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Sometimes, to get a win­ning for­mu­la, you got­ta do what George Carlin sug­gest­ed; glue two things to­geth­er in a way that’s nev­er been done be­fore. Sunrise took that to the next lev­el, and com­bined the wild west with sci‐fi, then added a ton of nu­anced de­tail no­body saw com­ing. The re­sult? Cowboy Bebop, and it was a mas­ter­stroke. Batshit in­sane in its com­po­si­tion, but ge­nius nonethe­less.

So what we’re look­ing at is 26 episodes and a movie, and spans about as many gen­res. Truthfully, the show’s tagline that it is a new genre isn’t that big an ex­ag­ger­a­tion. You’ve got episodes steal­ing tropes from the old west, about boun­ty hunters af­ter their tar­gets, all in for the mon­ey. You’ve got an episode about space truck­ers. An episode about an AI, and so on and so forth. Sci fi, west­ern, noir, ac­tion, com­e­dy, this ani­me has it all. What’s so amaz­ing is that, de­spite jug­gling so many balls, it drops none. Not one of the genre shifts is un­be­liev­able, nor do any of them de­tract from the sto­ry­line.

cowboy-bebopThe char­ac­ters are ex­pert­ly craft­ed, and fol­low their own paths through the show. You’ve got Spike, a boun­ty hunter hound­ed by his past work­ing for a crim­i­nal syn­di­cate. Spike feels like a man who’s lost his rea­son to live, who’s lost all hope for the fu­ture and is left in a state of con­stant spir­i­tu­al lethar­gy, un­able to re­al­ly raise many emo­tions be­sides anger and snark­i­ness. His part­ner, Jet, is a man who lost faith in the sys­tem he used to up­hold. An ex‐cop that de­cid­ed to be­come a boun­ty hunter to deal with the cyn­i­cism he feels about society’s plight. Faye is a con­fi­dence woman, with her emo­tions blocked off as much as you’d ex­pect from that role. However, she shows cracks in her ar­mor, and thus char­ac­ter de­vel­op­ment, as the se­ries goes on. Then last­ly, you have Ed. An ec­cen­tric ge­nius, a com­put­er hack­er sec­ond to none, and around as crazy as it gets. Ed is a teenage girl, but you of­ten find your­self con­fus­ing her for younger, due to the fact she’s very en­er­getic and ec­cen­tric. She also only refers to her­self in the third per­son, much as you ex­pect any mad sci­en­tist would do.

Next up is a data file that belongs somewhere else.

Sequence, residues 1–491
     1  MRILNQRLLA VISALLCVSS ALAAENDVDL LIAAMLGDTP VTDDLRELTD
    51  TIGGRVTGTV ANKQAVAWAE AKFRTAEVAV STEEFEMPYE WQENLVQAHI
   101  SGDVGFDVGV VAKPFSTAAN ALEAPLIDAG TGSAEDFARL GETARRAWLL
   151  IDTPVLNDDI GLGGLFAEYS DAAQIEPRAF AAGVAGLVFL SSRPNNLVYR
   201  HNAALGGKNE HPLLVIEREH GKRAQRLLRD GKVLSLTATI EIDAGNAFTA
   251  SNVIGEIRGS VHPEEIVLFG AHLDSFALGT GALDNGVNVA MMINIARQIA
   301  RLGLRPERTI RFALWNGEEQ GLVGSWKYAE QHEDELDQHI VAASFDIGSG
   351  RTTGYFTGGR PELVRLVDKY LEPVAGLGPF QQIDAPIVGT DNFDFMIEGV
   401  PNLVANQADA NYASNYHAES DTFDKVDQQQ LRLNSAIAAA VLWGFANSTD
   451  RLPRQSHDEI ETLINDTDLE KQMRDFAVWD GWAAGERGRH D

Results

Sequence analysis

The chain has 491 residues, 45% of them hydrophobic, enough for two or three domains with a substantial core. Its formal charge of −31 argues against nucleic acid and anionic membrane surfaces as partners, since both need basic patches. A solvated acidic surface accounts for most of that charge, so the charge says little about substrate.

While there is an over­reach­ing plot, it tends to just be cen­tered on the spe­cif­ic episode. Bounty heads are dealt with in the same episode they come about. Problems tend to get cleaned up (though rarely nice­ly) in the 20 or so minute span. In fact, there’s only a cou­ple two‐parter episodes; Jupiter Jazz about mid sea­son and in the last two episodes of the show. This re­al­ly helps with the way that genre is han­dled, as well. Each episode shifts slight­ly in genre, as well as shift­ing what is be­ing fo­cused on. One episode will be a campy west­ern, then the next you’re see­ing a slice of a space opera, with what ap­pears to be a lot of in­flu­ence from the 1981 an­i­mat­ed movie Heavy Metal. You’d think there’d be a dis­con­nect in the show, every episode, but there re­al­ly isn’t. You just go from episode to episode, aware of the change in genre and fo­cus, but the ef­fect is a good one. Character doesn’t change, an­i­ma­tion style doesn’t change. You’re aware this is the same se­ries, but be­ing very ex­per­i­men­tal.

The sound­track to this se­ries is quite amaz­ing. Yoko Kanno formed this band of mis­fits, Seatbelts, just to per­form the jazz and blues sound­track to the se­ries. There’s some very mem­o­rable num­bers in there, from the open­ing song, “Tank!,” to the clos­ing tune, “The Real Folk Blues.” There’s been nu­mer­ous re­leas­es of the sound­track, and each brings some­thing new to the ta­ble. The num­bers are snazzy, re­laxed, ex­cit­ed even, and if you like jazz or the blues, the sound­tracks bring al­most as much an ap­peal as the show it­self.

I’m go­ing to put it flat‐out, if you like ani­me, you should have al­ready seen Cowboy Bebop. It is a leg­endary show, and it changed American per­cep­tions of ani­me. Hell, a young Tom first watched the show when it was brought over, when he was but a teenag­er. Now, at 30, he’s watched it again, and let me tell you, it was still as fuck­ing mag­i­cal as it was at 16. On the off‐chance you’ve not seen Cowboy Bebop, I im­plore you to pick up a copy and give it a go.

(Co‐Authored by Tom and Chris King)

(A pre­vi­ous ver­sion of this ar­ti­cle was pub­lished say­ing that there was only one two‐part episodes on the se­ries.)

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Jason Golden
I’m that crazy guy that writes things and hosts the Graded PointFive comics pod­cast.
Jason Golden

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